Building a Beautiful Life
Ruth 1:14 to 2:23
February 25-26, 2023
The story of Ruth is really a love story, Ruth and Boaz. It's really one of the most beautifully written stories. In fact, it's studied by students of literature. It's a wonderful example of prose and poetry, even secular students will study it. Not only is he beautiful in the sense that it's a great love story, but it's also prophetic because it speaks of our redeemer, Jesus Christ, is prophetic in that sense and the relationship that God desires to have with us through His Son the redeemer.
Also, it is a story that reveals a deeper truth of how God builds a beautiful life. Now, we know God's heart, His support, His favor and blessing on those who walk according to His purpose, but how does God build that life that is beautiful? That's what you see in the story. By His sovereign hand, how He moves in that life to honor His name and to build that which is beautiful in the life.
I. Nothing Just Happens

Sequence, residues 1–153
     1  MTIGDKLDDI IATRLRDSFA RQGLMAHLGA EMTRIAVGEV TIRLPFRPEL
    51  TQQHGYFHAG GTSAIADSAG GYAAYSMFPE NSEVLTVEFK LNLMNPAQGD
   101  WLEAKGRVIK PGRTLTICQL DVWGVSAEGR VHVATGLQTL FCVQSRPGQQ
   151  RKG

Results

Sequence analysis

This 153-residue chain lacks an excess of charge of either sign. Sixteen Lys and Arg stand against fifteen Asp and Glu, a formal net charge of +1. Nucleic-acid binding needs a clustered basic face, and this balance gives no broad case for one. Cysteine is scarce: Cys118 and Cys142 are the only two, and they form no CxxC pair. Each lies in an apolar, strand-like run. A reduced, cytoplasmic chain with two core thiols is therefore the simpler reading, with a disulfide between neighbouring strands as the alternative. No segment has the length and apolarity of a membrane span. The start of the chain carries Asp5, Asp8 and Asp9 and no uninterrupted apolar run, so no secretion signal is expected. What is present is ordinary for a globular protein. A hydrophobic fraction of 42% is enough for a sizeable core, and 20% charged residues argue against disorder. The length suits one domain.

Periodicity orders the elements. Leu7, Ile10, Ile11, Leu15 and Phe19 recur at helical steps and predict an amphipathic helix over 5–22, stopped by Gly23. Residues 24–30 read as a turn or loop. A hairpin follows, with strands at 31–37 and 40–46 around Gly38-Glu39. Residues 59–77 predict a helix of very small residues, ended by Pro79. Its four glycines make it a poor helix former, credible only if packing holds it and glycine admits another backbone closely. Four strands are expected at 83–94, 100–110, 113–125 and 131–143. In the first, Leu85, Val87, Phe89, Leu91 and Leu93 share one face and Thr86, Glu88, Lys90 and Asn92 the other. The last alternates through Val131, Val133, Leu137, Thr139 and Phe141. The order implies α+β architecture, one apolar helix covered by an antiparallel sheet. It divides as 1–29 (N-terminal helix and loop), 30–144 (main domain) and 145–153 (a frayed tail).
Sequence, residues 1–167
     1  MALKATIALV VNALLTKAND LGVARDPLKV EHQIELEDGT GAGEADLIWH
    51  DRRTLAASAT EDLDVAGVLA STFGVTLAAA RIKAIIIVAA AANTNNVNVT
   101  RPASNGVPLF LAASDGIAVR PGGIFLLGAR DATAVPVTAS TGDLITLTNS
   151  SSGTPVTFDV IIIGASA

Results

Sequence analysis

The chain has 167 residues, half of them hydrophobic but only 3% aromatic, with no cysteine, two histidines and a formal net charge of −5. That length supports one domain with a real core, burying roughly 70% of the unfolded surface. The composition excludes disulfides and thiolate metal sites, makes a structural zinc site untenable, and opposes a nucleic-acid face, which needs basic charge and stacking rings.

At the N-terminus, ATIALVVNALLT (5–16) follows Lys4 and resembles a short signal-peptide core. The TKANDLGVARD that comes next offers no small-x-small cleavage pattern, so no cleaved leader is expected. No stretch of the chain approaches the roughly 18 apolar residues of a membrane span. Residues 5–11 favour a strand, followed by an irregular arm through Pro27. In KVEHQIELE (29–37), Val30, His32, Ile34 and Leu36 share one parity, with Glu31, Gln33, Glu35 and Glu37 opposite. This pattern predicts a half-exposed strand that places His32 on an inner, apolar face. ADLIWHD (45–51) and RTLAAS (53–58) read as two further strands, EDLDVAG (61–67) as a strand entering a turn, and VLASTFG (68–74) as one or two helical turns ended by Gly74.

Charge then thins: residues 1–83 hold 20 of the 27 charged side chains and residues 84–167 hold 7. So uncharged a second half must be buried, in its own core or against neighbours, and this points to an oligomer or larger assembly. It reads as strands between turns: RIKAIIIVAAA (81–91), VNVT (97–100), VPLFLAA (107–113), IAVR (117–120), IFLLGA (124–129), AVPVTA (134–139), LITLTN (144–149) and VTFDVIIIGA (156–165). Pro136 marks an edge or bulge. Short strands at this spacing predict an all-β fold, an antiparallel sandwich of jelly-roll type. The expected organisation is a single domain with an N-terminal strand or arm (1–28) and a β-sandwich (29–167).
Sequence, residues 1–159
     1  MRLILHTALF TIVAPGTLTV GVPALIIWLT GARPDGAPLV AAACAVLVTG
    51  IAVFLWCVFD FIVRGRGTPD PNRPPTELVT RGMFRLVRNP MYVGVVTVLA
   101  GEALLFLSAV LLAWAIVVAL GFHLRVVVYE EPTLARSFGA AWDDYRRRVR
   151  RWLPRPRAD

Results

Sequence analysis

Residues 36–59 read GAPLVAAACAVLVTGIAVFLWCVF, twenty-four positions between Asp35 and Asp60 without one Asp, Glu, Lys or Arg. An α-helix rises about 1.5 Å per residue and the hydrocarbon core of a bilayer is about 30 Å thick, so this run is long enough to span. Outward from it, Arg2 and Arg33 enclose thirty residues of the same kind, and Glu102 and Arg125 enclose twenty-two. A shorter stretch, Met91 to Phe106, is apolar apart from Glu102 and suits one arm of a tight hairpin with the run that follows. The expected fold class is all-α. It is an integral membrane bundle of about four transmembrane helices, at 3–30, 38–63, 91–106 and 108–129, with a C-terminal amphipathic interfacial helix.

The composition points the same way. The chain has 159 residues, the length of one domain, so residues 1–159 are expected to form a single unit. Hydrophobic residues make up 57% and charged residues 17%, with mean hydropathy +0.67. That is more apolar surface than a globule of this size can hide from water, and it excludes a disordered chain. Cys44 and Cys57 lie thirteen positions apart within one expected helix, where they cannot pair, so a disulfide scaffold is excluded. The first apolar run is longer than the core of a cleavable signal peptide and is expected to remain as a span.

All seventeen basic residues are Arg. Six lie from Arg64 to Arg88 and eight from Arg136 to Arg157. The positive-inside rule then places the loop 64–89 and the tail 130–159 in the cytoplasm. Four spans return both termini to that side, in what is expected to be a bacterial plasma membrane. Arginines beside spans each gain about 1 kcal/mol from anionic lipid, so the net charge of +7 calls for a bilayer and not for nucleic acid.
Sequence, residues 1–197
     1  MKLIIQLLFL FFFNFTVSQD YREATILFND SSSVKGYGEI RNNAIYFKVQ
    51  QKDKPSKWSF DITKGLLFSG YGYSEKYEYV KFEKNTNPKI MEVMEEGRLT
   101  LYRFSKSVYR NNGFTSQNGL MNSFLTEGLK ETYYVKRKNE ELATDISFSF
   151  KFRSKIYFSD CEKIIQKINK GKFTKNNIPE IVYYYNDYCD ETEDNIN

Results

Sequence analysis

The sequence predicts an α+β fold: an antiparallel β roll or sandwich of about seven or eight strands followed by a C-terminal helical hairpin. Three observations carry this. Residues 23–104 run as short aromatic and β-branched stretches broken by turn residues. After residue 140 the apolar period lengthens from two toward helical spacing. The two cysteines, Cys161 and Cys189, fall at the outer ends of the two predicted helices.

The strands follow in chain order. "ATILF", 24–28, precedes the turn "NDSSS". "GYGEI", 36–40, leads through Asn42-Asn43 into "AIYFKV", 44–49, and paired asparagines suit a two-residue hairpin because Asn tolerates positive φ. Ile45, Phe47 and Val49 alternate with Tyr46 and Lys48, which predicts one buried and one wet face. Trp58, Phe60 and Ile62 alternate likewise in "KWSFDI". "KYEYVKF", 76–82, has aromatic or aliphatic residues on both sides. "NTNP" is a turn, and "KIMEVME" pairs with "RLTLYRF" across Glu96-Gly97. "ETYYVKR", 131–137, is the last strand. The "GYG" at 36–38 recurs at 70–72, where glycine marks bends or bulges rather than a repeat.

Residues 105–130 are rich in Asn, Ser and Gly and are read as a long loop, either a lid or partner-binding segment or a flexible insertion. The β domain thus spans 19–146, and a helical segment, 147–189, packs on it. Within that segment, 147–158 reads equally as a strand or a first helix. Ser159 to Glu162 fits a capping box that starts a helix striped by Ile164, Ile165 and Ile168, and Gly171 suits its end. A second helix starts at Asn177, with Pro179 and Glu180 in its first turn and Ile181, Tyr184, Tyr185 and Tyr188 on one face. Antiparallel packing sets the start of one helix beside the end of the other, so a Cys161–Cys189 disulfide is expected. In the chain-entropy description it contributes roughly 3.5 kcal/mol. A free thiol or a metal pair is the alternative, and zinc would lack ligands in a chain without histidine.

Now, I did not say easy life. In fact, it was written during very difficult times. It was written during the times of the judges where it says that every man did what was right in his own eyes. Now, that's going to be trouble right there. It's interesting also to note that God always has a remnant. There are always a few. Even when many are turning their back on God, there are always a few who hold fast to the call and purpose of God in their life. You see this in the story as well, "For it's right, everyone must choose his own way."
The words of Joshua still ring true when he challenged Israel to choose you today, this very day, who you will serve, then he added, "But as for me in my house, we've decided, we've settled the question. As for me in my house, we will serve the Lord." Life lesson each was choose his own way, to do what's right in your own eyes, or to walk according to the ways of God. Because when you walk by the ways of God, you'll see that his sovereign hand moves, that he begins to build that which is beautiful in your life.
A. Stay faithful in difficult times